From the beginning of the trip, the group consisted of eight people. Which is a very good number to climb with. During the ascend a few had massive headaches and a few were vomiting all the time.
I didn’t have any headache, neither did my body felt the need to vomit (luckily!). But at some point I was apparently not climbing very stable, since I felt the hands of my guide in my back who really pushed me up the mountain until I could climb on my own again. At Stella Point (5739M), when you almost start thinking that you are done), you can take a rest. From Stella Point you will continue another 2-hours ascent to Uhuru Peak. Reaching the peak, is what I will remember the rest of my life. I remember seeing a lot of glaciers and a plane flying above our heads. Do to fatigue and the thin air, we were not allowed to spend more than 10 minutes on the peak.
“OK, take my hand and run as fast as you can”, the guide told me. I took the hand of the guide and we ran and slided back down in about two and a half hours to the camp. You will notice the oxygen levels in the brains again. We had a short rest and headed down to Mweka hut (3100M). The route is not difficult and will take you down rock and scree paths into the forest. Man, I was so glad with my hiking poles. During the descend my knees were hurting a lot and the hiking poles functioned as an extra support.
Mweka Camp (3100M) – Mweka Gate (1641M)
It’s a very scenic hike back to the Park gate. When we reached the gate safely, we paid the porters their deserved tips. At Mweka gate we signed our names and details in a register and received our summit certificates (YESS!). From the Mweka Gate we continued down into the Mweka village, a muddy hike. From the Mweka village we were driven back to our hotel for a nice cold beer and a long overdue hot shower!
NB: There is no way of saying up front who will reach the top and who will not. Altitude sickness can end up very bad and should not be taken lightly. Listen very carefully to your body and to the advice of your guides (if you have a reliable one). When we were there, a couple of topsporters came down on day three due to altitude sickness. Both my friend (who smoked a lot at that time) and I (moderate fit) made it to the top. So yeah, you can’t tell.
What to bring along?
When you book your trip through Climbing Kilimanjaro, you will receive an extensive list of what to bring along. If you are planning to travel some more after the climbing, I would advice you to rent as much equipment from the organization as possible. Since you don’t want to carry all that stuff afterwards on your safari trip. I rented most of the equipment, which is much cheaper than buying it.
In addition: make sure you wear a hat, bandanna, good sunglasses, sun cream and layered clothing. Also a camel bag which will not freeze when you are climbing in temperatures below 0 (summit night). Otherwise no water will flow through the tube and trust me, you will need plenty of water! Essential: buy in an outdoor shop in your home country water purifying tablets or in a liquid form. You will be drinking water from the mountain which is not drinkable without these water purifying tablets.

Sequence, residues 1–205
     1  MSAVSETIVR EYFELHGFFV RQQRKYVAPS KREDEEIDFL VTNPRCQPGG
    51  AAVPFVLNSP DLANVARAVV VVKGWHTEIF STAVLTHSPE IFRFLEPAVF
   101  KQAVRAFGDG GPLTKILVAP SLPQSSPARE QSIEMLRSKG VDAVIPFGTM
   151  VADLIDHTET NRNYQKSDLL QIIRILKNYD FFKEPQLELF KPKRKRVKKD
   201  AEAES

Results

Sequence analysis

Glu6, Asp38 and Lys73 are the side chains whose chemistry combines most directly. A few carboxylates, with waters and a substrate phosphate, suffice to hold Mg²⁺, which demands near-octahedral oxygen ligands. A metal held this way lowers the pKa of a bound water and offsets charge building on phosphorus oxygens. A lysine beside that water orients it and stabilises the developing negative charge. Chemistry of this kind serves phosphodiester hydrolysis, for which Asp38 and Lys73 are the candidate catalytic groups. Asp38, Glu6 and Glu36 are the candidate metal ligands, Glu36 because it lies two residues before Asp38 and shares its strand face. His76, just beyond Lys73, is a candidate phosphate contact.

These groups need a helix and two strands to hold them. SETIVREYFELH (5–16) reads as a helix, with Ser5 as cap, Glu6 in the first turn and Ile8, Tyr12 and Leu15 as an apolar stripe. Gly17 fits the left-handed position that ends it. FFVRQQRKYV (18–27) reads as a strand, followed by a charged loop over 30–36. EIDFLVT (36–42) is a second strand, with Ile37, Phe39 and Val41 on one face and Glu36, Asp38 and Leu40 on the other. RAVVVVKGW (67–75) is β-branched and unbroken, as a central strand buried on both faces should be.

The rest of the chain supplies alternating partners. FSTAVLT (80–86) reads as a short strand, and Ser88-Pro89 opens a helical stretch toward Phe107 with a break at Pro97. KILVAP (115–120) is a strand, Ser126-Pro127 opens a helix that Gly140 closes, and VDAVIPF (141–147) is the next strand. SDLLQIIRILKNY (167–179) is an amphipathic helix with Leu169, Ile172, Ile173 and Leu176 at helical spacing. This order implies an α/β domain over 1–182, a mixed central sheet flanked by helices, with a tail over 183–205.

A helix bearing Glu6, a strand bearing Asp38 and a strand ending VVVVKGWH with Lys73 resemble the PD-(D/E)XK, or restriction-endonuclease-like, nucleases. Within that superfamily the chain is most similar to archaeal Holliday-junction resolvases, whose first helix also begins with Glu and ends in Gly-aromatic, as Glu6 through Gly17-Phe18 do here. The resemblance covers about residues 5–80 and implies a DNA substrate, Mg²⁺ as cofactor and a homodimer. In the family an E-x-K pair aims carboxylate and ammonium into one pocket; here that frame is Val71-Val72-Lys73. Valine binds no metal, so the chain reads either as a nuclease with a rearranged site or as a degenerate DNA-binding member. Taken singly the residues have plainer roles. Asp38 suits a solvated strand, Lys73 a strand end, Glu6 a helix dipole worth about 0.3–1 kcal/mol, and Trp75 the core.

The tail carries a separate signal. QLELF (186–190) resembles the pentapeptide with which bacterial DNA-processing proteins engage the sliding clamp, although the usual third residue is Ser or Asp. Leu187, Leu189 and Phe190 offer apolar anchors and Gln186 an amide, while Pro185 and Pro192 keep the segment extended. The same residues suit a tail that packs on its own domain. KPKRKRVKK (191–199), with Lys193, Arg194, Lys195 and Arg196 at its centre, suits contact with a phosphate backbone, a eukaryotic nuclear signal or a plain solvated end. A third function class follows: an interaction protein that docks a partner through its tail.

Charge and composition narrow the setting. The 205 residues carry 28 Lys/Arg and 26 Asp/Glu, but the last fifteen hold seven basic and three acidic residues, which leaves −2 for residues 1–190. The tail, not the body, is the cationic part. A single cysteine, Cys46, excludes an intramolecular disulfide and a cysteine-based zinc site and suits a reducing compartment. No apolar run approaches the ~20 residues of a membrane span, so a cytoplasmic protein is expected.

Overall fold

Game drives in safari parks
After the climbing we rewarded ourselves with two weeks of safari. You will be amazed by the endless plains and the variety of animals. We visited the following parks where we undertook some impressive game drives: Arusha National Park, Tarangire NP, Lake Manyara NP, Ngorongoro Conservation Area and Serengeti National Park.
In Arusha we stayed in the Arusha Hotel. Can’t complain!
When you decide to visit Tarangire NP, stay at Tarangire Safari Lodge. This is a well-run lodge, with panoramic views of the savannah and Tarangire River below. You will sleep in a comfortable tent with an en-suite bathroom and verandah overlooking the surrounding nature. Don’t be surprised if the animals will honor you with a visit at your tent :)
About 60% of Lake Manyara NP is lake when water levels are high. Especially bird lovers would like this park a lot, since more than 400 species have been recorded. To spend the night, Lake Manyara Hotel is a good option with a scenic view on the park and the lake below.
The Ngorongoro crater is spectacular! The wildlife unforgettable! You will see the Masai herding their cattle throughout the crater. When looking for a place to stay, please consider the Ngorongoro Wildlife Lodge, which is offering fabulous views over the crater. My favorite place in the lodge was the balcony along the entire width of the lodge, where you could have a nice drink and watch the crater below. Or use the giant binoculars placed along the balcony edge, through which you can view game way down on the floor of the crater.
The Serengeti Park is Tanzania’s oldest and most popular national park. Moreover, it’s an UNESCO World Heritage Site.
The Serengeti is famous for the annual migration of two million wildebeests plus hundreds of thousands of gazelles and zebras – followed by their predators in their annual migration in search of water. If you are lucky you can view one of the most impressive natural events in the world. The Seronera Wildlife Lodge is a perfect place to stay.
Haven’t had enough? There are still plenty of other National Parks left to explore.
In case you feel like chilling on a beach and exploring the underwater world, without being surrounded by mass tourists like the popular island of Zanzibar, Mafia Island is definitely a ‘beyond the regular to-do list destination’. We went with such a small plane that you could sit next to the pilot! Even the runway of the so called ‘airport’ consisted of gravel. I loved the fact that there were no asphalt roads on the island.
If you are into some partying, you should go to Zanzibar as there is not much to do on Mafia Island besides exploring the underwater world. It’s a perfect island in the Indian Ocean to chill out. The underwater world didn’t disappoint me at all (since I have lived in the Caribbean I’m a bit spoilt so to say…): countless coral and fishes in all kinds of colors were lit up by the sun.
We stayed in Mafia Island Lodge. A nice place which I can recommend you.
I hope you enjoy the beautiful country of Tanzania!